The third contact print from the Cas Oorthuys files in the Dutch photo museum contains pictures of Simonos Petras and Docheiariou. He did not visit these monasteries, because photographs up close are missing. And on this contact print number 99027 I run into a chronological problem. The two monasteries are in fact far apart and between the monastery are the harbor town of Dafni, Xenofontos and the Russian monastery Panteleimonos situated. Cas Oorthuys did pay a visit to this Russian monastery, as we will see on the next contact print, that I will publish later. I suspect that Cas Oorthuys confused his travel schedule afterwards and that he accidentally pasted Docheiariou into his contact printout earlier.
Simonos Petras monastery, seen from the arsanas – harbor. This probably one of the finest monasteries on the Holy Mountain, that looms over the rocks on which it is built. Many people say this monastery resambles the Tibetian monasteries in the Himalaya.
The arsanas of Simonos Petras in 1957 and – by coincidence – my photo on the same spot, 58 years later.
The monastery of Docheiariou, seen from a boat. This is the last monastery that you will see from the baot before arriving in Ouranopolis. As you can see on the map below it is very far from Simonos Petras.
Docheiariou monastery in 1957.
When we visited this monastery in 1980 we were the only two pilgrims. We met a professor from Thessaloniki, who microfilmed the books from the library and gave us a tour in the old tower. I remember the age-old parchment covers and the pages that had tiny holes, made by the bookworms. One of the bound pages would be a page from a 4th century book.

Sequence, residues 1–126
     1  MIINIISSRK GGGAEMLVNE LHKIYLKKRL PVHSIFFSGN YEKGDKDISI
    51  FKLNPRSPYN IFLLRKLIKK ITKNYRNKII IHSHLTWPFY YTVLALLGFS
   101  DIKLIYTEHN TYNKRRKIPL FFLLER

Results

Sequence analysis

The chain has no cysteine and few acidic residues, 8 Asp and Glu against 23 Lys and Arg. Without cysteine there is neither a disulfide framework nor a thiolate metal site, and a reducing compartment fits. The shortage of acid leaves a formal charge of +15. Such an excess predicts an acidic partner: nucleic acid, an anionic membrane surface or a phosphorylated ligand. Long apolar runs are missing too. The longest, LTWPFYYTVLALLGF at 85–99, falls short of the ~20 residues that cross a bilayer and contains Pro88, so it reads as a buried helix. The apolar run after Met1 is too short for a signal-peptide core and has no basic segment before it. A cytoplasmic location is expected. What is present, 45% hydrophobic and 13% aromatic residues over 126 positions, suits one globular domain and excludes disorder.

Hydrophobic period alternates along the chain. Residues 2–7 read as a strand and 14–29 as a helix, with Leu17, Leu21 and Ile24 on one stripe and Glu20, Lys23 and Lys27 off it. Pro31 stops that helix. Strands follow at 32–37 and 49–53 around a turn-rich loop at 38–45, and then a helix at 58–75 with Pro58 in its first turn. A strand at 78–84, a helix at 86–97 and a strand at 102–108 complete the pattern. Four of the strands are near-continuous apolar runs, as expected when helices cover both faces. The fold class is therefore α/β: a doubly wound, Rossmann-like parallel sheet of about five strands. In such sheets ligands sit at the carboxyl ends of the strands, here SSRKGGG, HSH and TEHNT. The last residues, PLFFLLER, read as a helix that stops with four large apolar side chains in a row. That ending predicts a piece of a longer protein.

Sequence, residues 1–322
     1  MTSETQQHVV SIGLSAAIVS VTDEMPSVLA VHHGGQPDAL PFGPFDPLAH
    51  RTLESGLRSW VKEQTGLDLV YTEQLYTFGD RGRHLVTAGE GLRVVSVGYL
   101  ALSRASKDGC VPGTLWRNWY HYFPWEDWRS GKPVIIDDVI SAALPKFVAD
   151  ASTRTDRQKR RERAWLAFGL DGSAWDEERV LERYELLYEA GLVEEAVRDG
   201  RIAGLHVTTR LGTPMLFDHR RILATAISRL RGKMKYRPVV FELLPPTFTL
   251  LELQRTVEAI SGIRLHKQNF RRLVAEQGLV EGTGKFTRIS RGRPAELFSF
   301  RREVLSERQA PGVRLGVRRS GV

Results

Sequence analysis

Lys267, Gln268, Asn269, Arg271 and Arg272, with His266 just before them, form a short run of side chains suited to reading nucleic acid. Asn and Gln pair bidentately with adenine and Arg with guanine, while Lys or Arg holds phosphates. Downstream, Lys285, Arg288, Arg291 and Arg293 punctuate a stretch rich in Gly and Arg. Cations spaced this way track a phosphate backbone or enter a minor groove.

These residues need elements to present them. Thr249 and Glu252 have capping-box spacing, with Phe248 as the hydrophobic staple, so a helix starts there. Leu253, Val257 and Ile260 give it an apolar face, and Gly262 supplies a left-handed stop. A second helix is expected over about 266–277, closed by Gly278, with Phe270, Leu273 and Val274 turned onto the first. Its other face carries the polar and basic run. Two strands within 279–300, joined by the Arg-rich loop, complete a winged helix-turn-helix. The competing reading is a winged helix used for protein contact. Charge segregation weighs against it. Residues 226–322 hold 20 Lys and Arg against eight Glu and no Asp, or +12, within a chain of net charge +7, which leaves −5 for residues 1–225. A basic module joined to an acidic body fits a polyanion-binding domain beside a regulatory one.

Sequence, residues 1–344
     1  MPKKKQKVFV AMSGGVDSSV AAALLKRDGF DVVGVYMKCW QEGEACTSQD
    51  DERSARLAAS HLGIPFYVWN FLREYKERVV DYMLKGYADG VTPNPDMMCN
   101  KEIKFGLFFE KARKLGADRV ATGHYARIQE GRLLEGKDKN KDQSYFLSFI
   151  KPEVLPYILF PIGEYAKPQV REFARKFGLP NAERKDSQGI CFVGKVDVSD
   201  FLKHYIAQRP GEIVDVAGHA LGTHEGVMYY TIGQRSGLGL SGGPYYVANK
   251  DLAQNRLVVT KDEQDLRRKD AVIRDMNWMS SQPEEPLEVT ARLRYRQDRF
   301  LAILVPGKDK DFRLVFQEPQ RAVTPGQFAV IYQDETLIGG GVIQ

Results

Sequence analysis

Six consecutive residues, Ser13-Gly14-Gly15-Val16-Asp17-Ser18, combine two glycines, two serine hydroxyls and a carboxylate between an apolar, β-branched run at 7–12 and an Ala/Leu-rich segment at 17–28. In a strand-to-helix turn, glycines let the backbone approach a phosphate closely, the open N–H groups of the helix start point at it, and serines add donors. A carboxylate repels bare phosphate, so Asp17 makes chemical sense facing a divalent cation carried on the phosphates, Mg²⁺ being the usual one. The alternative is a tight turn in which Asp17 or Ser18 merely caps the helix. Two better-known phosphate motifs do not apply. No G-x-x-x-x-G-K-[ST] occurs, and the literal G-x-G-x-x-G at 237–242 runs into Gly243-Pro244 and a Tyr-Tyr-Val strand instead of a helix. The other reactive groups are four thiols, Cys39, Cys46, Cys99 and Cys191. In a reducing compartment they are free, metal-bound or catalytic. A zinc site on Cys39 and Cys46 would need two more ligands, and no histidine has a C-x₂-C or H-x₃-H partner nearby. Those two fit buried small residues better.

Four fishermen in their boat at the harbor of Docheiariou, one of them drinking water from a bucket.
Docheiariou: another photo of the fishermen in their boat and the jetty.
The second contact print from the Cas Oorthuys files in the Dutch photo museum contains pictures of Karyes, the Protaton church, and pictures of men (with the writer A. den Doolaard?) on the road with mules, probably going from Karyes to the monastery Xeropotamou.
Here is an image of the clock tower belonging to the Protaton church in Karyes, with a man pulling a loaded mule. In the background the building of the Holy Epistatia, the main seat of the government on Athos.
On this next picture, made on the same spot, you see that construction labor is being done on the outside walls of the Protaton. It looks as if the original stones of the outside walls of the church are being covered with a plaster, that was still there when I took the picture below in 1986.